So, back to the iPhone. I may be overexcited about the iPhone. After all, I've only seen them and played with them a few times. But I'm a big Google user and to be able to get GMail, Calendar, Docs, Maps, and Reader while I'm on the move would be awesome. The ability to access Facebook and LinkedIn is great also. There are more benefits I really like. I can take advantage of the speed of my local wireless network. And they have a great developer network and large number of free and cheap apps that are very useful or entertaining. Oh, and then there's my music collection.

Ok, so sure I can get the applications I mentioned on other phones but those other phones seem to be in a different league than the iPhone. They are not as easy to use and the providers of those phones often complicate things by charging differently for each service the iPhone has out of the box. I'm still amazed that my current provider would do things like disable Blue Tooth so that I am forced to use their e-mail service to get the photos off my phone...argh...ok I'm digressing again.

Jul 2, 2009

Where is Your E-Learning Environment Going?

I've learned over time that it is important for me to take time to view what I'm doing from different perspectives. Often we developers get caught up in the micro-perspective of what we do. After all, focusing on what happens after the user clicks a button is what I get paid to do. However, when we wear many hats (like both instructional design and development) we are better served to think about things holistically. I know it is important for me to check that my rudder is directed in the right position in this big pond of e-learning. So with that in mind, I've created a map of where I think the e-learning future is for my organization (a large public school system). I have drafted it in the diagram below.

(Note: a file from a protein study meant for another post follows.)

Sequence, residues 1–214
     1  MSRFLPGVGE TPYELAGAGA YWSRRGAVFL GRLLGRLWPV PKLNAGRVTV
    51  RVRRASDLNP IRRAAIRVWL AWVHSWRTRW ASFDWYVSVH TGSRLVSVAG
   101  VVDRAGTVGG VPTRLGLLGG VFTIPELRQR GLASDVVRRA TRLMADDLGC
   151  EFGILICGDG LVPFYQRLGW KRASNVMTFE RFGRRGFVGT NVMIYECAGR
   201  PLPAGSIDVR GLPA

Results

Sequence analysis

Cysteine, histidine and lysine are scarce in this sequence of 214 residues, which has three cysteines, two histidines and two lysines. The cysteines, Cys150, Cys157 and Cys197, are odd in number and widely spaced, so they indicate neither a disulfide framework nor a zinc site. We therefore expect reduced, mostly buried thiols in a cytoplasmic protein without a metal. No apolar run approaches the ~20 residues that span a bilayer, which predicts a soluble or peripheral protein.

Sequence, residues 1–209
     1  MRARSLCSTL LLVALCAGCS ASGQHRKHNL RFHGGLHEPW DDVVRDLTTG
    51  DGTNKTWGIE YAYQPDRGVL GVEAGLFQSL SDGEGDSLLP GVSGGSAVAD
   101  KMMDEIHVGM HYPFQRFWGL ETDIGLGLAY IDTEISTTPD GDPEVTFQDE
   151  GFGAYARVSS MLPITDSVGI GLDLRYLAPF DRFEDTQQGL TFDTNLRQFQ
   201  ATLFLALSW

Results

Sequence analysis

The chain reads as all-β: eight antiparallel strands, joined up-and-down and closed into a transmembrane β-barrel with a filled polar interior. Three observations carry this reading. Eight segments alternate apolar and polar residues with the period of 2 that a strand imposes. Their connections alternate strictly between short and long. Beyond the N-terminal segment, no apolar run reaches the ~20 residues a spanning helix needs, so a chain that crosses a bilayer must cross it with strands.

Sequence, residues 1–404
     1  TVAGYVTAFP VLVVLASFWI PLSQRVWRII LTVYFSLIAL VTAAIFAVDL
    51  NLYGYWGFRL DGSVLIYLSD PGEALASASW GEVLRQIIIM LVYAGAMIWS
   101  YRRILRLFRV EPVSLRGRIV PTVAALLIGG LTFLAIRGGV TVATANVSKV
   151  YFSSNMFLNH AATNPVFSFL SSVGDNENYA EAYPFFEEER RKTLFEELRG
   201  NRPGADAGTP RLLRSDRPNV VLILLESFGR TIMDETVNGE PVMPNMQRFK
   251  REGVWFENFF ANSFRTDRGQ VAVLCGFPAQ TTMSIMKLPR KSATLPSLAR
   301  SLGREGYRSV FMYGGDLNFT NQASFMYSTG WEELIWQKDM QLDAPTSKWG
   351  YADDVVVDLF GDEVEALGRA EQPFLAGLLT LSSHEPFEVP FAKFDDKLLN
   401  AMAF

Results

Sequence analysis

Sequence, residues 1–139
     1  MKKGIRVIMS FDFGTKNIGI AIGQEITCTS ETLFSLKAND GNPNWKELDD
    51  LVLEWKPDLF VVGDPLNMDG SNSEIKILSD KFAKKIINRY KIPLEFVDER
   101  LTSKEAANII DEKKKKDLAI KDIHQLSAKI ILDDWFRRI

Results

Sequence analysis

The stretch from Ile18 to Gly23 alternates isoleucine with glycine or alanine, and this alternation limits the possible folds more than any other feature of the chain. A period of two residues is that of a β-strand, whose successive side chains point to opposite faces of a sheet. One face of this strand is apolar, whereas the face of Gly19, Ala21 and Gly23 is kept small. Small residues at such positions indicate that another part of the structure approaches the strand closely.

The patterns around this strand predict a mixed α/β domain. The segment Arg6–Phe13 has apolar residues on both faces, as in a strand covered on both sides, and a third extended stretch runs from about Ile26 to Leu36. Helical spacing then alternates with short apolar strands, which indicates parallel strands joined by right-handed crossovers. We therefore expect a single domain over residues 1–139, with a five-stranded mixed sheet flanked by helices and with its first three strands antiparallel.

Currently my organization is working on setting up a formal learning system that will manage instructor led training, web-based training, and virtual classroom training. This is the short term goal. The future is still murky for my organization. While informal and continuous learning do occur in my organization, I believe there is an e-learning solution that can enhance continuous learning. This can be done through just-in-time content and collaborative content like wikis and blogs bound through a social network. This is not just a technology solution. It will require a bit of a culture change and will require buy in from the trainers, SMEs, and other mentors who will be asked to lead the charge.

So there is a high level outlook of my best guess of the future of e-learning at my organization. Writing the event for clicking a button is in the small (but important) box I call "Online Self-Paced". What is your best guess for the future of your organization?